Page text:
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Our abortion laws are outdated and unsafe

(Alamy)

3 min read

The sentencing of a woman for procuring an abortion at a late stage in her pregnancy has provoked significant reaction. For some the focus has been the advanced nature of her pregnancy. For others, the length of the sentence that has been handed down. Some of us are horrified by both.

This unhappy case is a product of our abortion laws as they currently stand. The criminal justice system is required to enforce the laws that Parliament has passed. If we are not happy with the outcome of this case then we should change the law.

I came to the view when I was health minister that our abortion laws is horrifically out of date. Our abortion laws are older than I am and simply do not reflect advances in medical practice that have taken place since. I think now that these laws are unsafe.

Abortion has always been treated as a matter of conscience when considered in Parliament. That is quite reasonable. For many people, life begins at the moment of conception and the law should protect life from then on. For that reason abortion is outlawed under the Offences against the Person Act 1961. The 1967 Abortion Act effectively creates an exemption from that act. It established a qualified right to abortion where it could only take place in specifically licensed premises; following the approval of two doctors and at up to 24 week’s gestation. The woman sentenced this week was due to the gestation of her baby being in excess of 24 weeks.

Our abortion laws are older than I am and simply do not reflect advances in medical practice that have taken place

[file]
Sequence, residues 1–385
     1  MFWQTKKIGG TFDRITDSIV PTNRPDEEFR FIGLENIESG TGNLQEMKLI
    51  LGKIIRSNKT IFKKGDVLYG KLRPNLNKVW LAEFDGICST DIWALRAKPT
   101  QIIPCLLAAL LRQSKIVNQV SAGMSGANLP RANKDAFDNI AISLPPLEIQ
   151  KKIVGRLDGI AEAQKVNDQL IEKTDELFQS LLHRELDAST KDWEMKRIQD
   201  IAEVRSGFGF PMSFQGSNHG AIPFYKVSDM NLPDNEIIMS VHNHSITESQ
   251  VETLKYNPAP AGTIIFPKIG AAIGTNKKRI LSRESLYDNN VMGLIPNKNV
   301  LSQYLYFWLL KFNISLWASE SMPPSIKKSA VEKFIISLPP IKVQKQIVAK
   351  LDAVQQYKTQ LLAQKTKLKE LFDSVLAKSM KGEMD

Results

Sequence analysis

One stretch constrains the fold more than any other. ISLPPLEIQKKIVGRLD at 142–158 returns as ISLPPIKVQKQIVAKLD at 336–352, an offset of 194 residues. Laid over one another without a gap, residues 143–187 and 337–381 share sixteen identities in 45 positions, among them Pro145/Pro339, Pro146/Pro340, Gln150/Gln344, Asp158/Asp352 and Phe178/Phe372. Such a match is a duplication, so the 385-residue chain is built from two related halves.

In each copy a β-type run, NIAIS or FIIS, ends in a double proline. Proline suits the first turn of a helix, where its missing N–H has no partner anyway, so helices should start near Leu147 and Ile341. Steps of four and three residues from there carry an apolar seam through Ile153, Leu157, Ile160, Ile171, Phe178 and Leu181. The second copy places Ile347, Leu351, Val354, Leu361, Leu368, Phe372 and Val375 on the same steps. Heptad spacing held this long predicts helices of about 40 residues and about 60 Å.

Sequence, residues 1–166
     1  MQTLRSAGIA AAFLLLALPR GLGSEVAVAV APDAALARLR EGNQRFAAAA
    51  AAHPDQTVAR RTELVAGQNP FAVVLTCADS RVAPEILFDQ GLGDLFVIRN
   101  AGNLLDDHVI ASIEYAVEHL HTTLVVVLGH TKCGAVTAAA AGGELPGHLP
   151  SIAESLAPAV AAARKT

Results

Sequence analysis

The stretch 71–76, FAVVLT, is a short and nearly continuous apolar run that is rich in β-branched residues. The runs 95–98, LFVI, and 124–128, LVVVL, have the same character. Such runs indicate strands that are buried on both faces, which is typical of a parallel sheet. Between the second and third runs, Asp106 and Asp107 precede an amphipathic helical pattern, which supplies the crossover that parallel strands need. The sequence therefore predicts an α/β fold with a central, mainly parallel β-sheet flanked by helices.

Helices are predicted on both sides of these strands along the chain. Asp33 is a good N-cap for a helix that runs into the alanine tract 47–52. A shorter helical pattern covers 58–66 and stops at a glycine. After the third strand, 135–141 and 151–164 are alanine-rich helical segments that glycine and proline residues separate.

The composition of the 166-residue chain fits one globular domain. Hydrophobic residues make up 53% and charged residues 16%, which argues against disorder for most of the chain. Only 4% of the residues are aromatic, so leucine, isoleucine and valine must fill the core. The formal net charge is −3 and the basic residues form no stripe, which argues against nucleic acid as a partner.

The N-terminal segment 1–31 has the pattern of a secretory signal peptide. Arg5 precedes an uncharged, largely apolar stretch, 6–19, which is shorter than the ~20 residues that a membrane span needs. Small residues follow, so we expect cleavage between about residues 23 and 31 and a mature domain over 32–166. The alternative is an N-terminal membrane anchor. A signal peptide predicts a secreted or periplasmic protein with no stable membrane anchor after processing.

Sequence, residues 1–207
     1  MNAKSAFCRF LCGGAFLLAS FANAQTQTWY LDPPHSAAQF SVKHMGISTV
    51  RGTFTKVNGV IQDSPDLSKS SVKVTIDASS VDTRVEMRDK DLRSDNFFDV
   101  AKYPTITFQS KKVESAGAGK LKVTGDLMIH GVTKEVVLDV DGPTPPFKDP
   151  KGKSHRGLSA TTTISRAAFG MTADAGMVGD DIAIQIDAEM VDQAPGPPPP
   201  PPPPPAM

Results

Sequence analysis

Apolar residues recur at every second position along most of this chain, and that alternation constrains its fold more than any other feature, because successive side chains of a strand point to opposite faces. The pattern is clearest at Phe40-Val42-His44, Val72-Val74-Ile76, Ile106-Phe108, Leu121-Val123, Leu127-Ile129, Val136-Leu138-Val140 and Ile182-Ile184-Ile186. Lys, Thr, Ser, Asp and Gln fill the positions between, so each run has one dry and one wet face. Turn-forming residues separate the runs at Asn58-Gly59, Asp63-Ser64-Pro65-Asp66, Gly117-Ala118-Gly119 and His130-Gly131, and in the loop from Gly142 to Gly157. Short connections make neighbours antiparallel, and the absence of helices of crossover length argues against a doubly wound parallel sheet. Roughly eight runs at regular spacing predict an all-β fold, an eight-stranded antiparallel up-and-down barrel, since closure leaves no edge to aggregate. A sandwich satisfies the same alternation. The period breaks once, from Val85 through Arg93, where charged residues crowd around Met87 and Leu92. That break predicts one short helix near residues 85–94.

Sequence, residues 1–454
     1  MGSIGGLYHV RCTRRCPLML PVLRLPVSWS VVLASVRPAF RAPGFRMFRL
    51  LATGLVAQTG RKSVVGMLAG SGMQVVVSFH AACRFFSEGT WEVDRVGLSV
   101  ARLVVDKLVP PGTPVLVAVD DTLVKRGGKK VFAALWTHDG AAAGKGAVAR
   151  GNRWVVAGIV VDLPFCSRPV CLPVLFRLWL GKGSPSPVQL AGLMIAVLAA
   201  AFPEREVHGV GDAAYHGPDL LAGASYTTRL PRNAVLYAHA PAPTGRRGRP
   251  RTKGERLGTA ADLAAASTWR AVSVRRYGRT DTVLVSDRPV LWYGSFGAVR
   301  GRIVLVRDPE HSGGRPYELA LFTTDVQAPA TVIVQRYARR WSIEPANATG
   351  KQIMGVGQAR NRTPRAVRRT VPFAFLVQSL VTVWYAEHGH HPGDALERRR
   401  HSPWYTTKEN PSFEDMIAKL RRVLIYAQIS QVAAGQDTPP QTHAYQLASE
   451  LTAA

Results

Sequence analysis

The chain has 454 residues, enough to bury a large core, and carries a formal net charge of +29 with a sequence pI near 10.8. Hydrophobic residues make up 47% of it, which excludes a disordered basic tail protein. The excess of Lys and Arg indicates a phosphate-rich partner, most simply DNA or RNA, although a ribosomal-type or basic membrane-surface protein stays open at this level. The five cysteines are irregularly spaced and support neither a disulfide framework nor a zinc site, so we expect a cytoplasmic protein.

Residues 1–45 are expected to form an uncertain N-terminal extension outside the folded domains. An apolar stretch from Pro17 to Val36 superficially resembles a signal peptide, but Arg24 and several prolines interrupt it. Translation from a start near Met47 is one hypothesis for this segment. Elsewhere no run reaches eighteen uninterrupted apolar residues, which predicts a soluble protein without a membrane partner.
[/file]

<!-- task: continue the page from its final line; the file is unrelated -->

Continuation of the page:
The framing of this legislation reflects the issues at the time. The fact abortion was illegal led to dangerous backstreet abortions. The requirement for licensed premises and two doctors was to stop such dangerous practice from being legitimised. This legislation has led to over 80 per cent of terminations being administered outside the NHS in specially licensed clinics that do nothing else. It stigmatises the women seeking treatment and it makes the services less accessible to vulnerable women. 

The law also reflects a time when all terminations required surgical intervention. Today most terminations take place by the administration of pills and, more importantly, they take place very early in the pregnancy. In short it is not the procedure it once was.

Medical abortions ought to be made available in more mainstream health settings. There is no reason why the pills cannot be dispensed at family planning clinics and well woman clinics. It is important, however, that they should only be dispensed if safe to do so – that is if a medical practitioner has established that the pregnancy is in the early stages.

In this case, the woman was able to obtain the pills through a telephone consultation and by being able to deceive the clinic that gave them to her. There is a real debate to be had about how services can be accessed safely, ensuring the real needs of women are addressed. It is a fact that had we not had the provisions for remote consultation during lockdown, this unhappy episode simply would not have happened. 

Abortion should be regulated as a medical procedure with an emphasis on patient safety. The law should recognise that abortion is something which will often be considered by a pregnant woman and her healthcare professionals in the context of managing a healthy pregnancy. The criminal law should be confined to dealing with coercive and violent practices. This case should force us all into confronting the need to make abortion law safe and fit for purpose. 

 

Jackie Doyle-Price, Conservative MP for Thurrock

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